Jack Gibson, in Newquay, shares what motivated him to run hundreds of miles in aid of Alzheimer’s Society.
My dad Richard was diagnosed with Alzheimer’s in 2014.
As a family, we cared for him at home for as long as possible. Then he moved to a specialist dementia care unit, where he’s been living for the last five years.
Dad was in the Royal Navy and was with the London Fire Brigade for 27 years. After retirement, he worked alongside my mum as a childminder.
Around 2013, we started to notice that simple tasks were becoming a lot harder for him.
Watching a man who led such an active life and gave so much back to the world struggling is excruciating.
I still visit him every week, but he is heartbreakingly no longer able to recognise his family.
Dad is an inspiration to me. He’s come through a lot, from double pneumonia to living in residential care during Covid.
He’s the reason I chose to work in childcare, and I’ve now embarked on a new career as a nanny.
That is why I decided to run 200 miles in a month and then 300 miles in a month to fundraise for Alzheimer’s Society.
The idea came to me during lockdown when I started running. Like many, I was looking for reasons to get out of the house.
I had to run six miles every day to stay on track, but this increased to 10 miles for my 300-mile challenge!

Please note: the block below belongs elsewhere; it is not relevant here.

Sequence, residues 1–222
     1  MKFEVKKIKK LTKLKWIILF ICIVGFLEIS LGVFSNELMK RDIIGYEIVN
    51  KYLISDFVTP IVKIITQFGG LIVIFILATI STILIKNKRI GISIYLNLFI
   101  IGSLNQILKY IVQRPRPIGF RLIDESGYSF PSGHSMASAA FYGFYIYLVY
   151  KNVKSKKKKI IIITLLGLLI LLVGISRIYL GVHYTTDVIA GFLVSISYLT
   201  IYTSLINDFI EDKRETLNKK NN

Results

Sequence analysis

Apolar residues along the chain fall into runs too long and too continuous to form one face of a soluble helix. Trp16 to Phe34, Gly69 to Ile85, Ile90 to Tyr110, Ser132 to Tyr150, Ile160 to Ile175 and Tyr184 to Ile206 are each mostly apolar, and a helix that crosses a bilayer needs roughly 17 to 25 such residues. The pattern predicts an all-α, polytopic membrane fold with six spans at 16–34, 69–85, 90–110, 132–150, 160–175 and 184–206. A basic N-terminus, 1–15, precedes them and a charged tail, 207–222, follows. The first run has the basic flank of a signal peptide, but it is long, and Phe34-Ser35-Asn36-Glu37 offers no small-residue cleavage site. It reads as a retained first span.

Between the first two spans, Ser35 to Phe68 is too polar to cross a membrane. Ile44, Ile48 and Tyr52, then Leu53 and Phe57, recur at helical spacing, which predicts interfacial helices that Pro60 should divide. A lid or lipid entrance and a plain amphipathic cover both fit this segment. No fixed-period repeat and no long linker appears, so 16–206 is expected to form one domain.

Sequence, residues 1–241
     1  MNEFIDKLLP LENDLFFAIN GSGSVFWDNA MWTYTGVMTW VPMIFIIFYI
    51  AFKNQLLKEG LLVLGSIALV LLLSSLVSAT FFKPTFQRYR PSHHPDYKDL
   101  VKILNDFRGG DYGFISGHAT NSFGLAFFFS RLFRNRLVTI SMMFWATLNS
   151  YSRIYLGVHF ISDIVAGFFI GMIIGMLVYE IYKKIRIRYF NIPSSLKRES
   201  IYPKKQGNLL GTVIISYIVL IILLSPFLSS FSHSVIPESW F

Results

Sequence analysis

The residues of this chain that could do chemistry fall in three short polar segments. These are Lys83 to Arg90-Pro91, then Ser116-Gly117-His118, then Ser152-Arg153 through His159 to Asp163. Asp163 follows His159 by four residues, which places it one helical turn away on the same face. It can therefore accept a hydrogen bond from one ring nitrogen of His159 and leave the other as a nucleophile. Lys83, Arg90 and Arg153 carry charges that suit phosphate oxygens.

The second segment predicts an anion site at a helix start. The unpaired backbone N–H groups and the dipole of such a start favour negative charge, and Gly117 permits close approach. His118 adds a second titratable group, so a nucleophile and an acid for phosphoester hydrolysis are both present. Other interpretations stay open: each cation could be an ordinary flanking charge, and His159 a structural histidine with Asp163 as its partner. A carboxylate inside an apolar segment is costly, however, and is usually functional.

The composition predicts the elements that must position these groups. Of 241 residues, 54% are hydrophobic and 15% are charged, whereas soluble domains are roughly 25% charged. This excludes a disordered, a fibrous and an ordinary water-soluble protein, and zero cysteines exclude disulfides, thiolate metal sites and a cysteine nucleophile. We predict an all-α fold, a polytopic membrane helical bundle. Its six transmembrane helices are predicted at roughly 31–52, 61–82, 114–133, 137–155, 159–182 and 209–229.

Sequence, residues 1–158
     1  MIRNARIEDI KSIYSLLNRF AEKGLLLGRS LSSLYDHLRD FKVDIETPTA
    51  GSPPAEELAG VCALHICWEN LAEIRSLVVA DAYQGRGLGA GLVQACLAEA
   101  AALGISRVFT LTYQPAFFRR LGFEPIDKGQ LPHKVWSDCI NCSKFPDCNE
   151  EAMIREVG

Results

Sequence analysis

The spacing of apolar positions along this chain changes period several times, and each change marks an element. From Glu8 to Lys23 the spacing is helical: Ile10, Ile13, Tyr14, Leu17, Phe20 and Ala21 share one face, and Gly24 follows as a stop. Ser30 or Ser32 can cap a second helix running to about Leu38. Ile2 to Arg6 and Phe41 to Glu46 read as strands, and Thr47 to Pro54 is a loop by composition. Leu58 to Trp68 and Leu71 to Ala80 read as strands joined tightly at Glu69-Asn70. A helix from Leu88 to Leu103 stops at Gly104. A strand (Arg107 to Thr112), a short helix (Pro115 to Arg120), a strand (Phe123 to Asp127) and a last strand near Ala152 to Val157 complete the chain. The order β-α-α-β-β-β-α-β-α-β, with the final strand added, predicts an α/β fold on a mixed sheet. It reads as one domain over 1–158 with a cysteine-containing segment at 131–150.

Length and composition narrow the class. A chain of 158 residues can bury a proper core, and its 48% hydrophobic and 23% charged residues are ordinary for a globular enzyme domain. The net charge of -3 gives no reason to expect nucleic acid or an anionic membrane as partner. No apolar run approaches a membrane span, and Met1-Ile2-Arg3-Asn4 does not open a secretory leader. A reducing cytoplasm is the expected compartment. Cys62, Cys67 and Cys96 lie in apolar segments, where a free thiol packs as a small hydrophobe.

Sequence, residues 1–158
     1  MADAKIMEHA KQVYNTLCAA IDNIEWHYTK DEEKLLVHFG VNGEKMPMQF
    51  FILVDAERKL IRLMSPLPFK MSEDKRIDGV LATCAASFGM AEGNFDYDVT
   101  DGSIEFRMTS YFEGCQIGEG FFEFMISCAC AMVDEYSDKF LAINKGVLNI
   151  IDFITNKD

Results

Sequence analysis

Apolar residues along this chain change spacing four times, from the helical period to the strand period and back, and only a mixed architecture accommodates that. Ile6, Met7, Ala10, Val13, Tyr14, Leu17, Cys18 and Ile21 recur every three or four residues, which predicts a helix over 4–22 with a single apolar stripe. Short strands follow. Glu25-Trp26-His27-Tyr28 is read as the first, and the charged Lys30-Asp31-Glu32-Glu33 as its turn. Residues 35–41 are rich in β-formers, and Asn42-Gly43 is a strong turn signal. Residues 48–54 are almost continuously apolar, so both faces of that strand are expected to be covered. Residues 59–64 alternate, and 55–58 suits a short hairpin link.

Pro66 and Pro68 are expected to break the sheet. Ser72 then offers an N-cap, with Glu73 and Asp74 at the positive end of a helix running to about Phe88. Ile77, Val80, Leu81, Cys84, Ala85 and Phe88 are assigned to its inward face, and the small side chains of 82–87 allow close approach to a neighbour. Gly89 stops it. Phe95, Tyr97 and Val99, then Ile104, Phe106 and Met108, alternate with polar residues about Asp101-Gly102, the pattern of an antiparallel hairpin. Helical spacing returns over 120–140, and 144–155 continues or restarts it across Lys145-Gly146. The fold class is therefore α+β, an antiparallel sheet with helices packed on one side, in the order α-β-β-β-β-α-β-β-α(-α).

If I missed a day, it meant I would have to run double the next. I racked up the miles early on – though I still had to do the odd 15-mile run…
It was one of the wettest Octobers, everybody was saying to me, ‘You’ve picked the worst month!’
It was hard work, but friends joined me on some runs. Their support made it much easier.
A marathon challenge
Thinking of Dad’s resilience and what I was ultimately raising money for kept me going.
Some people promised to donate only once I’d completed the challenge, which was a big motivator!
In 2023, I entered the charity ballot for the London Marathon. I’d never run a marathon before.
It was raining on the day, but the amazing atmosphere and the crowds encouraged me.
I’ve now signed up for the 2024 marathon, again raising money for the Society.
I run because no family should have to go through what we did.
I hope there will be a cure for this heartbreaking disease one day so they don’t have to.
Fundraising is one way I can help make this happen.
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